AML expert Dr. Eytan Stein reviews factors that should be considered when choosing an AML treatment approach, including potential side effects, age, and patient preference.
Dr. Eytan Stein is a hematologist oncologist at Memorial Sloan Kettering Cancer Center and serves as Director of the Program for Drug Development in Leukemia in Division of Hematologic Malignancies. Learn more about Dr. Stein, here.
All patients are different, of course, and what might work for one person might not be appropriate for another. How do you choose which treatment is right for a patient?
Dr. Eytan Stein:
So, it’s an individualized decision. So, what you’re talking to the patient, as we talked about at the very beginning, is you really need to understand the patient’s goals for treatment. You need to understand the anticipated benefit of the treatment that you’re offering and need to understand the side effects of the treatment.
So, and that sort of becomes the puzzle that you work with the patient at putting together. That is how well do I expect this treatment to work? What are the potential side effects of the treatment, and what are the patient’s goals? And when you sort of lay all those different pieces out, you then usually come up with something that becomes pretty clear what the best thing to do is.
So, I’ll give you just a very concrete example of this. Sometimes, we have treatments where the medical data would suggest that they might work as well as one another, right? There’s no clear difference between each of the two treatments. But maybe one of the two treatments requires you to be in the hospital, and one of the treatments allows you to be at home.
So, that’s an important discussion to have with the patient because some patients, believe it or not, want to be in the hospital, because they’re worried about being at home and having to manage this all themselves. Some patients don’t want to be in the hospital. Some patients want to be at home, because they’re scared of the hospital, or they’re worried the food’s going to be terrible.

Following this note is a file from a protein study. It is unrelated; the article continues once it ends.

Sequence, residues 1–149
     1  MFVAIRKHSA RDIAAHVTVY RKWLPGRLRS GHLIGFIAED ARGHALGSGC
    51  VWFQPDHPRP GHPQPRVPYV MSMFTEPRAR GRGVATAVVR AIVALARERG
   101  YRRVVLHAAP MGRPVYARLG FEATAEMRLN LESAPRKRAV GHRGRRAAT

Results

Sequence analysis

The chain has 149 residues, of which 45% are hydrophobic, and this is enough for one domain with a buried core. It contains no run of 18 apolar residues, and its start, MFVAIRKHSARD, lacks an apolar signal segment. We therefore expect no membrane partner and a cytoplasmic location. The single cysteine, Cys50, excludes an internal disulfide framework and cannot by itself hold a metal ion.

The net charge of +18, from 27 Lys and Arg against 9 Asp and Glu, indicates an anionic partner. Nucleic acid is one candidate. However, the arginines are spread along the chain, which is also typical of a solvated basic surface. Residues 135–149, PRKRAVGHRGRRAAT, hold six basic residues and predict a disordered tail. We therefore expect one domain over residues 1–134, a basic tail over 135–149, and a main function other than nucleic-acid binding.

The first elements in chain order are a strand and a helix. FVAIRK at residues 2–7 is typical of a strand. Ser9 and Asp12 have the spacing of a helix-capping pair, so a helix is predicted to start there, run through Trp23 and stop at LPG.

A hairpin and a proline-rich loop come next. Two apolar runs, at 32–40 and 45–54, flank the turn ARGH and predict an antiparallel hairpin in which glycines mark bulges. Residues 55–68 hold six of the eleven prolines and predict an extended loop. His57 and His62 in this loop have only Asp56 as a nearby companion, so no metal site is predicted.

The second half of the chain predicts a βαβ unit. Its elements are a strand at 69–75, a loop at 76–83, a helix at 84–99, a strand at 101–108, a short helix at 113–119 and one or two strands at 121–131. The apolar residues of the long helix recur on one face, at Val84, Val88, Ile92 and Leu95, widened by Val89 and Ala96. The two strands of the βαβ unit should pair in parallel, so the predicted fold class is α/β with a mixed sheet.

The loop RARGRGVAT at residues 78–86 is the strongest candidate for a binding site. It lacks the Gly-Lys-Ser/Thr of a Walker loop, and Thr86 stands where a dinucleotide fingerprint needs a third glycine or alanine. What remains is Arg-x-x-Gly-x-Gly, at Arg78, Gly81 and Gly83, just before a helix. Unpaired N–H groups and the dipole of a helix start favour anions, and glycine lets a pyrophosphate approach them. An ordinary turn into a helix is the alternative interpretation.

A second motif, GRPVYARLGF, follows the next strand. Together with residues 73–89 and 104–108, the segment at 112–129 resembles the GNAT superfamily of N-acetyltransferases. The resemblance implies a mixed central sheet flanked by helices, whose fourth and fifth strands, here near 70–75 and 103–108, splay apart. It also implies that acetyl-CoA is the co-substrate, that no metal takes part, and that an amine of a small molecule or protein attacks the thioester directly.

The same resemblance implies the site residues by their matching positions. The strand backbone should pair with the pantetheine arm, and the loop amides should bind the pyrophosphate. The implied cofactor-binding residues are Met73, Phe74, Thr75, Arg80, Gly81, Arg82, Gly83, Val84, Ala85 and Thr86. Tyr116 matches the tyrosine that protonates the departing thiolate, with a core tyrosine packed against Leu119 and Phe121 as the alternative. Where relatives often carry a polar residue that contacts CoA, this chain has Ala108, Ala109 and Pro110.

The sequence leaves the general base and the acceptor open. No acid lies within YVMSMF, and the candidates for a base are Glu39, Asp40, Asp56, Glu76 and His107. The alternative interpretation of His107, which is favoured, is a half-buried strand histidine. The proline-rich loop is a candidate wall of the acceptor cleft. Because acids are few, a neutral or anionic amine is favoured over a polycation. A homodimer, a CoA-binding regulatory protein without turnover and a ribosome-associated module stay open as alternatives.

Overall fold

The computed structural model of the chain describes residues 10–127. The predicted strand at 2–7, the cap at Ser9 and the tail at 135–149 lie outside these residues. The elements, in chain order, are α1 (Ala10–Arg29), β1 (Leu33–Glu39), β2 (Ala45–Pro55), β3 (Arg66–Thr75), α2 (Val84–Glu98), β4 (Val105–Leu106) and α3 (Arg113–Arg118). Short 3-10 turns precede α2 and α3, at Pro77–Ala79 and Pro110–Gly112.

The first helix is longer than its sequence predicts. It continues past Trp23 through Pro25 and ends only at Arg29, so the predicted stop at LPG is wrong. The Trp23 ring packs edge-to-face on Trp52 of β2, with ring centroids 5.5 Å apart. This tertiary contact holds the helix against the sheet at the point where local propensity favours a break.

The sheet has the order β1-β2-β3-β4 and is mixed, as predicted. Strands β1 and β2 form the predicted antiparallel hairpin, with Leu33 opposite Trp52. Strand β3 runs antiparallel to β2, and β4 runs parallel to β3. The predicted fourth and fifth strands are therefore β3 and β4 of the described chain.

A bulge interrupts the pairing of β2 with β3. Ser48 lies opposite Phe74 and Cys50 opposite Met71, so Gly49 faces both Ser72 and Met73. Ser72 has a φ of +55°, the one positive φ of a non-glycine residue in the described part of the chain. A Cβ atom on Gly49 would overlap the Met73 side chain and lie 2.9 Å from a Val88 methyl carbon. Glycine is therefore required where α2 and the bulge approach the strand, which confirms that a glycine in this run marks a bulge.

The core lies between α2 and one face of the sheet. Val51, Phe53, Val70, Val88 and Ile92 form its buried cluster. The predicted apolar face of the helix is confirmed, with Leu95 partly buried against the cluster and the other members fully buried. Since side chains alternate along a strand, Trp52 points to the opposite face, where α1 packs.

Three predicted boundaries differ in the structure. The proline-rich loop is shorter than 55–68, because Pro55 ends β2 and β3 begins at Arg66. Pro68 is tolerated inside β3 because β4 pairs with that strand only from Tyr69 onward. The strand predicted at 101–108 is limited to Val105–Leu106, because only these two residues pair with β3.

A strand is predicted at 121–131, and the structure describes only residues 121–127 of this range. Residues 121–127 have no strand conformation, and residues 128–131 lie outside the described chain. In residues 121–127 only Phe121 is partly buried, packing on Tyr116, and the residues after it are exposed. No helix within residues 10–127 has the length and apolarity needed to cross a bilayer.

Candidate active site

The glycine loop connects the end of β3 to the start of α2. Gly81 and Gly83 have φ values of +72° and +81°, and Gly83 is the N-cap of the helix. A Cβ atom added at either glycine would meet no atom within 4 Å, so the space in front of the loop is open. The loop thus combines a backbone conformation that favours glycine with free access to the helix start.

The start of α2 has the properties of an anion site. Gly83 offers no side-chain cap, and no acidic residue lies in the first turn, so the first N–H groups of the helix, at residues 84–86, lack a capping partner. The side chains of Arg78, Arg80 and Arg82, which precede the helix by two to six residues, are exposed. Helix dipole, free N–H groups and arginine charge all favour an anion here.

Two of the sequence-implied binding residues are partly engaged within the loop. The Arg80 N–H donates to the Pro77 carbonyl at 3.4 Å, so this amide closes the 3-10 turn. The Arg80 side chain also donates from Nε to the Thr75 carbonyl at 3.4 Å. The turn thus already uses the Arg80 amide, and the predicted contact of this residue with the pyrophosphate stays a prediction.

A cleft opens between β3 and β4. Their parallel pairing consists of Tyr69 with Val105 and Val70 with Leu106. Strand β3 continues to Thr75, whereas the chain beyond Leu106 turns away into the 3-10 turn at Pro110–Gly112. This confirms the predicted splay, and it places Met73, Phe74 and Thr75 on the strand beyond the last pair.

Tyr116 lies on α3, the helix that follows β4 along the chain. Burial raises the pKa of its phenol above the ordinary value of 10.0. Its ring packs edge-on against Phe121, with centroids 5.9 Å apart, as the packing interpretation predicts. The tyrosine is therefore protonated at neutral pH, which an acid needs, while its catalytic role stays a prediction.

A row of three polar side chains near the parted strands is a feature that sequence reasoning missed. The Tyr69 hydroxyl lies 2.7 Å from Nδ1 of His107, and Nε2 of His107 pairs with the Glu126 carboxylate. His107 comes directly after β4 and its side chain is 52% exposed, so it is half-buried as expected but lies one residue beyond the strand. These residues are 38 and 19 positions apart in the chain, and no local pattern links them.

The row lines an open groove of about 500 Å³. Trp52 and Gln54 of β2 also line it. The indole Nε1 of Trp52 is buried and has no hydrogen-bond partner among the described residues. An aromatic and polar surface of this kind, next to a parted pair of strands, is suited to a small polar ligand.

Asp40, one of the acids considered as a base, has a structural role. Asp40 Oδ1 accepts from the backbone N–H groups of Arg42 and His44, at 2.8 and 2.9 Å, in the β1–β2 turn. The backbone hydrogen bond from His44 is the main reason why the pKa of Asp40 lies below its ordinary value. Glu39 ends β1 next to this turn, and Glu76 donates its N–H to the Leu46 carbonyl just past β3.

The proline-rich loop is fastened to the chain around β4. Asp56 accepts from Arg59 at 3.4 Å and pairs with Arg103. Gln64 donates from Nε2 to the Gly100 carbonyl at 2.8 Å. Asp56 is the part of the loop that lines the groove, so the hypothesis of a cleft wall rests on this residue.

And then, that would be important in helping the patient make the decision for their treatment.
Right. You mentioned earlier, Dr. Stein, the difference in ages and how you would treat different people depending on their age. So, when you’re choosing a treatment, you obviously look at age. What else? Things like comorbidities?
Dr. Eytan Stein:
Yeah, so age, so I’m not ageist. So, it’s more that as people get older – and this is just a fact of life – as everyone gets older, their organs don’t work quite as well anymore, right? Things start breaking down as you get older. So, certain treatments aren’t appropriate for older people because the treatments a younger person, because their organs are working at 100 percent, may be able to handle it, while an older person, where their organs might only be working at 60, 70 percent, the treatment might not be as good of a choice for them.
So, that’s what I mean. So, as people age, their comorbidities increase. So, we always look at comorbidities, and if you had an 80-year-old that was running marathons, I might think about their treatment differently than an 80-year-old who is not running marathons. But most 80- and 85-year-olds aren’t running marathons, so that’s why we sometimes think about their treatment differently.